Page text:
At present, human beings are unique in being the only living creatures that remain off limits to patents. No country's patent system has yet found a way of extricating itself from the philosophical and political morass associated with patent applications that encroach on definitions of humanness. In 1998, US PTO's former commissioner Bruce Lehman refused a patent application for human and animal chimeras filed by biotechnology provocateurs Jeremy Rifkin and Stuart Newman. As the basis for rejection, Lehman invoked a moral utility doctrine set by an obscure federal court decision in 1817. Essentially, he argued "there will be no patents on monsters."
But moral standards are clearly an unsatisfactory benchmark for establishing patentability: morality (like obscenity) is one of those things that arbiters (more specifically, patent examiners) are likely to have a hard time defining. Clearly, better definitions are needed. One potential criterion, for example, could be to reject patent applications on any product that requires the use or inclusion of human embryos over 14-days old (the point at which development of the nervous system and potentially human sentience begins).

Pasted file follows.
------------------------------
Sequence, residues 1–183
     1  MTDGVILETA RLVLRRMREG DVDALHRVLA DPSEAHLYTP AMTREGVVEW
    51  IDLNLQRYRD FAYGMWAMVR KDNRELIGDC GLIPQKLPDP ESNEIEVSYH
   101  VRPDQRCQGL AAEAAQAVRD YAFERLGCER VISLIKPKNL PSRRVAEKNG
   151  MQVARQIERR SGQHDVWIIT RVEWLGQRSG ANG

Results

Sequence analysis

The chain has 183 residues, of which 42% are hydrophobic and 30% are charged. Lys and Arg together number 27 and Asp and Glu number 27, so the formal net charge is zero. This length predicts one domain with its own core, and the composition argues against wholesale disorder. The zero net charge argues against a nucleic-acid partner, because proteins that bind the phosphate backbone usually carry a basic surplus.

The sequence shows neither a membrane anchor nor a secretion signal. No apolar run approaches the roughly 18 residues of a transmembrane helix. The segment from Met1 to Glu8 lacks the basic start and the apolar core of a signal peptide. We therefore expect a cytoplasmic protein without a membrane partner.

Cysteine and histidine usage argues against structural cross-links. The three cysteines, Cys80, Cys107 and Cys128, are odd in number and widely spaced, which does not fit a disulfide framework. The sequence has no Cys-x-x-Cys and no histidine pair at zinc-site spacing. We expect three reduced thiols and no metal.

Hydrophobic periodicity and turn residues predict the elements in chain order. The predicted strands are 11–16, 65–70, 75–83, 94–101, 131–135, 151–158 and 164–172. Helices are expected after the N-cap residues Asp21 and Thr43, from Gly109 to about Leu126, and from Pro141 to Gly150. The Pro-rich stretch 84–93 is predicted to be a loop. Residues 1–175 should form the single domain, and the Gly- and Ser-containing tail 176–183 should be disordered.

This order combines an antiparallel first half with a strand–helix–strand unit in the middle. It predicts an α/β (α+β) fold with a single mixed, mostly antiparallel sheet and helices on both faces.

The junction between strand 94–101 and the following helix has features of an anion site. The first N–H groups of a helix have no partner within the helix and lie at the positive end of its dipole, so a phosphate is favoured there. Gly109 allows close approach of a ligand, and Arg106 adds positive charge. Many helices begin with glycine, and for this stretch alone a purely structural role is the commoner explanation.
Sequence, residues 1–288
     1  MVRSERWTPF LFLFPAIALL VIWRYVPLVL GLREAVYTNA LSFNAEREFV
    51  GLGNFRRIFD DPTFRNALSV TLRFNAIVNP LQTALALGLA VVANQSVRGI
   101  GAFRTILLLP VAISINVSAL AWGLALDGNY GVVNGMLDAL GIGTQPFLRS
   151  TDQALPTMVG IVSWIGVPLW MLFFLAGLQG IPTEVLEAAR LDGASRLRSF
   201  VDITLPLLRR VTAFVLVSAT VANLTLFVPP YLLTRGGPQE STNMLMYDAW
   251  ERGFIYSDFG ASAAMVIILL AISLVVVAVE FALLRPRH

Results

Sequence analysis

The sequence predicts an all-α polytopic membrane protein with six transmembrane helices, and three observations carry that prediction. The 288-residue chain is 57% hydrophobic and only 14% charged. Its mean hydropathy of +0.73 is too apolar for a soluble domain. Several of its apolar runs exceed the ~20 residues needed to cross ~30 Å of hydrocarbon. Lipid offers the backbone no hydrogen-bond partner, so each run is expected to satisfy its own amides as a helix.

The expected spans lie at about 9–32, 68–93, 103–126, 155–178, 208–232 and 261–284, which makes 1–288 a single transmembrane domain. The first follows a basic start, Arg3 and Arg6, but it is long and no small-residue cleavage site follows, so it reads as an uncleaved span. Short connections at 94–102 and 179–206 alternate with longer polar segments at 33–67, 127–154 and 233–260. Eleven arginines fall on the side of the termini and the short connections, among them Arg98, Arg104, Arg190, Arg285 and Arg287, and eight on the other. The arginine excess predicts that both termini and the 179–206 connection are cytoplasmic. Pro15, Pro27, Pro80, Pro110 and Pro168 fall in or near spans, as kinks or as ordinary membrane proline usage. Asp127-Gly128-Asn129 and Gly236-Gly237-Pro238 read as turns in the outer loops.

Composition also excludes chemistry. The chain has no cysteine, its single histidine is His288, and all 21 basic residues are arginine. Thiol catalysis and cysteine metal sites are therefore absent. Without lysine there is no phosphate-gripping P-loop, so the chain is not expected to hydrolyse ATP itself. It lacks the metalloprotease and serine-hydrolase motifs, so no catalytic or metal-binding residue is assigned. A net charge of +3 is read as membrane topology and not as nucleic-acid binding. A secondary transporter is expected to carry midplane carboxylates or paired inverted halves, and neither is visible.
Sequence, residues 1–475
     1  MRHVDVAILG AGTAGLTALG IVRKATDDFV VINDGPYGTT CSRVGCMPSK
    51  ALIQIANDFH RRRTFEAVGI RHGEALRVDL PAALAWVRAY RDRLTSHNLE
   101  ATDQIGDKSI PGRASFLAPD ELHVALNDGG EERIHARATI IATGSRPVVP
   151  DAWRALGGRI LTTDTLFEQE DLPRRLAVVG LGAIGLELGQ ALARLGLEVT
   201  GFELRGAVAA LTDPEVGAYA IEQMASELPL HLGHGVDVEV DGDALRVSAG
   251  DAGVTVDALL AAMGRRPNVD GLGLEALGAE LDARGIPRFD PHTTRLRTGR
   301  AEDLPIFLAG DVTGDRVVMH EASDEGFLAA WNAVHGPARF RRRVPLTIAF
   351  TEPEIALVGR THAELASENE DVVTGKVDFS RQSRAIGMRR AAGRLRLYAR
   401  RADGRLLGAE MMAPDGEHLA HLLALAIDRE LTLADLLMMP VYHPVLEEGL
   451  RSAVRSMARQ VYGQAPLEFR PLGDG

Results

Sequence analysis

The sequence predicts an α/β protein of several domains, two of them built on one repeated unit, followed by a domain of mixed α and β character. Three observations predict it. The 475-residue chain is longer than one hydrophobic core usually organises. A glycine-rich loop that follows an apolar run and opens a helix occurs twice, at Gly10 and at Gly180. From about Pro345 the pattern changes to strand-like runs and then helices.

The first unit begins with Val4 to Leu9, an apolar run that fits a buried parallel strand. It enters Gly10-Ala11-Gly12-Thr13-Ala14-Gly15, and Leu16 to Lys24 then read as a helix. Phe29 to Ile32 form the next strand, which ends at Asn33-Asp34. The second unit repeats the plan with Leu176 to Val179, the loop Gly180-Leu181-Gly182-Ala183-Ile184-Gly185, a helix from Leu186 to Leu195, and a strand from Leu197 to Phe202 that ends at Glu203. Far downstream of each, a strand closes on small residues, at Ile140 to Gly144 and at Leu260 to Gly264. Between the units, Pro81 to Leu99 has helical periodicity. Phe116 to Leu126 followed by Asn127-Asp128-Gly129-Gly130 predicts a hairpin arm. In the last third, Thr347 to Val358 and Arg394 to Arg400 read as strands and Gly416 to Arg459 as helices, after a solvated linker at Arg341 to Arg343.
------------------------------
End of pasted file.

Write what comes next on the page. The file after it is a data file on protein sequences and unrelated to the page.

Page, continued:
If Canadian legislators adopt policies that broadly restrict patents on any human-derived products, the Canadian patent system could end up discriminating against a multitude of biotechnology products. Indeed, if the parliament prohibits patent protection for biotechnology therapies containing any material derived 'from human bodies at any stage of development' - as proposed in a report published in February by the Canadian Biotechnology Advisory Committee (see p. 351) the consequences for Canadian biotechnology could be dire. Certainly, the prospects for Canadian companies intending to develop stem cell therapies (derived from human embryos) look bleak.
The job of the courts is to interpret the law as written. It is appropriate that legislators should tackle larger ethical and societal questions. The decision of the Canadian court to let lawmakers, rather than judges, define the breadth of reach of patent laws is laudable, given widespread public concerns about the commoditization of humans and human body parts. But legislation clarifying the scope of patents on higher forms of life should steer clear of moral and ethical definitions. We need to stick to rational and scientific benchmarks that can be practically applied by patent agencies.
The biotechnology bubble machine
Nature Biotechnology, Vol 21 (4), p. 355-356, by David Rasnick